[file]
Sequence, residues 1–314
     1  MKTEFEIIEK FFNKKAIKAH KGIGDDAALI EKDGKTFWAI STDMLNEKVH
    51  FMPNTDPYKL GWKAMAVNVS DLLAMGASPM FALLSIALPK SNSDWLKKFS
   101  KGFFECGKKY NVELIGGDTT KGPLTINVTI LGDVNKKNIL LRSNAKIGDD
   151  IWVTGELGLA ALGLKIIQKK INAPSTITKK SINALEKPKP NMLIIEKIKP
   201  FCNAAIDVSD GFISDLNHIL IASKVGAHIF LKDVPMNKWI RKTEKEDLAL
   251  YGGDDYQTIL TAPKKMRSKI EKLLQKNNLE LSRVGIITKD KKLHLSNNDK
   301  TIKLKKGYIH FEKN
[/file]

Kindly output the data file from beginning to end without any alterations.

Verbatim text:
Sequence, residues 1–314
     1  MKTEFEIIEK FFNKKAIKAH KGIGDDAALI EKDGKTFWAI STDMLNEKVH
    51  FMPNTDPYKL GWKAMAVNVS DLLAMGASPM FALLSIALPK SNSDWLKKFS
   101  KGFFECGKKY NVELIGGDTT KGPLTINVTI LGDVNKKNIL LRSNAKIGDD
   151  IWVTGELGLA ALGLKIIQKK INAPSTITKK SINALEKPKP NMLIIEKIKP
   201  FCNAAIDVSD GFISDLNHIL IASKVGAHIF LKDVPMNKWI RKTEKEDLAL
   251  YGGDDYQTIL TAPKKMRSKI EKLLQKNNLE LSRVGIITKD KKLHLSNNDK
   301  TIKLKKGYIH FEKN